1. “I don’t think there are teams who would like to have him driving for them”
      Why? As far as I know he is:
      – A very safe pair of hands in Quali.
      – Hardworking
      – Experienced with testing and simulator work.
      – A multiple times winner.
      I would choose him to replace Kimi. I would choose him to lead Renault instead of Magnussen. I would make him return to Williams if Massa decides to retire. And I don’t mention more teams because I think that the guy is entitled to choose just top machinery or at least top midfield cars.

      1. Agreed, in normal circumstances Nico would have a choice of teams give his performances – just right now there really are zero good drives available

    2. You feel that THE top team today, who can practically get any driver they want to drive for them, will choose that particular driver whom no other team wants.

      Doesn’t that sound illogical?

      1. As he is thrashing Hamilton this year and was always close what does that say about Lewis? Next year Nicole will likely be the champion unless someone can launch an almighty comeback.

      2. The top team today is naturally interested in the title-leading driver. It’s more unusual when they’re not (though as Williams and several of their drivers prove, it does happen in some circumstances).

    3. I think several other teams would gladly hire Rosberg but I do not think Mercedes want to get rid of him. Unless they want to snatch Alonso or Vettel and thus risk even more friction within the team, Rosberg is the best driver they can get. So as long as his difficult relationship with Hamilton does not spiral out of control, there will be no changes.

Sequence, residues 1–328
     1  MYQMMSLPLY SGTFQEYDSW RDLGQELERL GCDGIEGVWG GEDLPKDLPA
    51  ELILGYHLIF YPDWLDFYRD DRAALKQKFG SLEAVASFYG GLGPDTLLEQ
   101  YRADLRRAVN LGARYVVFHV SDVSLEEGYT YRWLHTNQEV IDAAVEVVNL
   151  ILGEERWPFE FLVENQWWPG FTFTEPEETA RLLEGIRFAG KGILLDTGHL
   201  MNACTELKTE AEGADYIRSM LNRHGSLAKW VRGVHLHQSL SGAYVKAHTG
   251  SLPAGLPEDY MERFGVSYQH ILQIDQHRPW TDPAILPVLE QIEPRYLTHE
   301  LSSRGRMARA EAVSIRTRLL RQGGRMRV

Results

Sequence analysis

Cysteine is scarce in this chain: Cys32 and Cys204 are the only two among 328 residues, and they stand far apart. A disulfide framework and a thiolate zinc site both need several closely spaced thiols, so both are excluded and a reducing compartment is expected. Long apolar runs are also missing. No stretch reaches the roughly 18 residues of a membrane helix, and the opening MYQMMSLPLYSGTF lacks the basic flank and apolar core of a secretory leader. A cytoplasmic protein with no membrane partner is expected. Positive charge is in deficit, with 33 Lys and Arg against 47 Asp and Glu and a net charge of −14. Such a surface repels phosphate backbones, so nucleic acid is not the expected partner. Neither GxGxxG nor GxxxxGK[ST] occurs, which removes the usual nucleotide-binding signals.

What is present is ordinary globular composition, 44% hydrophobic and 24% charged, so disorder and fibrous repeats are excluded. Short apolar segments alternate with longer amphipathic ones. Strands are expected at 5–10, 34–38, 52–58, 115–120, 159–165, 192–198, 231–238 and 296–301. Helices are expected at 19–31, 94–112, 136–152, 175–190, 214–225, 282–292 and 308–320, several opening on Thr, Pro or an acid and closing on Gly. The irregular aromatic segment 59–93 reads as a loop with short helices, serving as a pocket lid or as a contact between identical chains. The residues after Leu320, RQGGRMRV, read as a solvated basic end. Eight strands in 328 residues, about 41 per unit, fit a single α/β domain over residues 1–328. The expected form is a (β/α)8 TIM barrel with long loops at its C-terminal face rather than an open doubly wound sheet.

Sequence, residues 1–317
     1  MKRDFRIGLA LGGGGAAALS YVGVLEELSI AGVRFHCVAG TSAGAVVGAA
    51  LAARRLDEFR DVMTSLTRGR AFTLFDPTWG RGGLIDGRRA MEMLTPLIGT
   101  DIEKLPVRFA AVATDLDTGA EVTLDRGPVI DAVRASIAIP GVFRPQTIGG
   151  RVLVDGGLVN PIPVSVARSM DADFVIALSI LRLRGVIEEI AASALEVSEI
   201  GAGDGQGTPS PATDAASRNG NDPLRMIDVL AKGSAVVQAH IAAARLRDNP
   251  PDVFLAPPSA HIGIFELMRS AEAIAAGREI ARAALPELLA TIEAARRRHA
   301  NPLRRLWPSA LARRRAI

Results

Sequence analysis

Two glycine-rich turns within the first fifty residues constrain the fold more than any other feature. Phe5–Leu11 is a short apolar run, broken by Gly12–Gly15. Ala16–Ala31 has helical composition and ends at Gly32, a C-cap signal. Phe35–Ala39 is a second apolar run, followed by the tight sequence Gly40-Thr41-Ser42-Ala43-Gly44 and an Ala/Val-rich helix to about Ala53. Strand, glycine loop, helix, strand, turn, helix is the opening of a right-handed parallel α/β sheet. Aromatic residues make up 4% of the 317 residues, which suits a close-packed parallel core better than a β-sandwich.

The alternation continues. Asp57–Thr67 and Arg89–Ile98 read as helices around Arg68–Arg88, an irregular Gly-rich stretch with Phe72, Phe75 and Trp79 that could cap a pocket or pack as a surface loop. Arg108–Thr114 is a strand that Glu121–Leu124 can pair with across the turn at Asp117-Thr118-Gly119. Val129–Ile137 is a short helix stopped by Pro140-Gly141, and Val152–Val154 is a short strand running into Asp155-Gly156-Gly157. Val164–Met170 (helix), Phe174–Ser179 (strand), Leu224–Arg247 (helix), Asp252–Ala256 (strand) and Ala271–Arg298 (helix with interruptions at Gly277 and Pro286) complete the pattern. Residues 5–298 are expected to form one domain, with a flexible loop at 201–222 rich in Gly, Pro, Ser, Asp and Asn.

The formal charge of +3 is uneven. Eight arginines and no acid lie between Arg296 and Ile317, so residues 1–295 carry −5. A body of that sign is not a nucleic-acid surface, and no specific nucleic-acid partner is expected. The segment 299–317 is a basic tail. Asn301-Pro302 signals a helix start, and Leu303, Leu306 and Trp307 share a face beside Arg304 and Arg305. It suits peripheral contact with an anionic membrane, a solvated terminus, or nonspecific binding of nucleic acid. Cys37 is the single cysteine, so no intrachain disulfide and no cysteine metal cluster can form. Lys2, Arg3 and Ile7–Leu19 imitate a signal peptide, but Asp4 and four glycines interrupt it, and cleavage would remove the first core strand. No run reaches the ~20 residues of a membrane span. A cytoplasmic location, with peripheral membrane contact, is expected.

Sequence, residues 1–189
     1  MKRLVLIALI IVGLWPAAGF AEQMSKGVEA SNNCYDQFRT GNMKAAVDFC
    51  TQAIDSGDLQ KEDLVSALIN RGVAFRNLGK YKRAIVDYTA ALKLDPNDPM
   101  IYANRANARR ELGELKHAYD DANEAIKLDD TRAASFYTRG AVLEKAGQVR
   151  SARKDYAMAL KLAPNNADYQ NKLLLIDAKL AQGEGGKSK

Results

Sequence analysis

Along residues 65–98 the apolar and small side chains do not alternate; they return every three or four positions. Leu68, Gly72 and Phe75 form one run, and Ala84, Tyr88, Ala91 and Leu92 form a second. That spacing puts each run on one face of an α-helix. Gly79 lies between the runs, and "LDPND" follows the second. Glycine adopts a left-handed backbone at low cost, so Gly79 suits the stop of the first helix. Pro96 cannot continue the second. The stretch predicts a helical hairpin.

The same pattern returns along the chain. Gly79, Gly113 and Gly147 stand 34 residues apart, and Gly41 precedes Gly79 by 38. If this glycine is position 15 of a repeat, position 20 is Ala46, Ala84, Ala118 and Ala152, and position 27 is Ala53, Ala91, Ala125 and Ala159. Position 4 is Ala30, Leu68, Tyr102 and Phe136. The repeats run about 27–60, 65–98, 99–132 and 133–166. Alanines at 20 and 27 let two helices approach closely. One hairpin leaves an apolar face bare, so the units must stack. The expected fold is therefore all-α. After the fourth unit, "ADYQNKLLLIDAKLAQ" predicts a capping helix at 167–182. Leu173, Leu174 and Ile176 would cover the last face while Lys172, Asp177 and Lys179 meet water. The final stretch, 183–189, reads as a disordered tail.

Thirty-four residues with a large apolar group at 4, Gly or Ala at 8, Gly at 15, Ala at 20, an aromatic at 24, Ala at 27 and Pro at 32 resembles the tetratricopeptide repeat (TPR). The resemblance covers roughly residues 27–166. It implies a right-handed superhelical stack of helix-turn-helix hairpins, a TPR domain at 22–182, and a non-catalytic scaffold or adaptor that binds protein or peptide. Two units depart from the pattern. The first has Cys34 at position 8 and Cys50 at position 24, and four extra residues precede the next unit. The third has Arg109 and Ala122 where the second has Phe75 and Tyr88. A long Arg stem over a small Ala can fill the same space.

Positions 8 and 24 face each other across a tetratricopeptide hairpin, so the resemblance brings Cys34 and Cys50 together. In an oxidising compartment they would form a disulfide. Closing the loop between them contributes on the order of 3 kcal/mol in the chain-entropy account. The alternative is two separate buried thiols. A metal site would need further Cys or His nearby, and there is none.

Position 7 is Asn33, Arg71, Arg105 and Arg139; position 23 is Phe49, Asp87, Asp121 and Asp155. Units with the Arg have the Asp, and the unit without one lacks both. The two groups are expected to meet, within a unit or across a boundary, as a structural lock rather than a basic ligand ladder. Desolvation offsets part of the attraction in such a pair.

1. I think it’s a key question @girts whether there’d be more friction or less with Alonso than with Rosberg. Toto must be trying to work out whether there’d be less contact with NR or FA.

        I’m not sure about other teams being interested, we haven’t heard anything have we? Pace-wise he’s the best No.2 out there but he doesn’t seem to have the temperament. His aggressiveness flies under the radar because Lewis avoids most of it, but he’s no JB, in fact I’d say he’s often quite wild in T1.

  6. More power to the family of Jules Bianchi to do whatever they need to do and for whatever reasons they choose to do it. Only they can decide what is right and proper in this case, for Jules, for themselves. There are many loose ends and unanswered questions in this case that deserve answers so it does not happen again.

    For fans, reporters and even the great Sir Jackie Stewart to presume to know what is best for them to do is wrong as it is impossible for them to walk in their shoes. I respect what Sir Jackie has done for safety and the sport itself and we know he has suffered losses in this sport. I’m sure he knows what works best for him.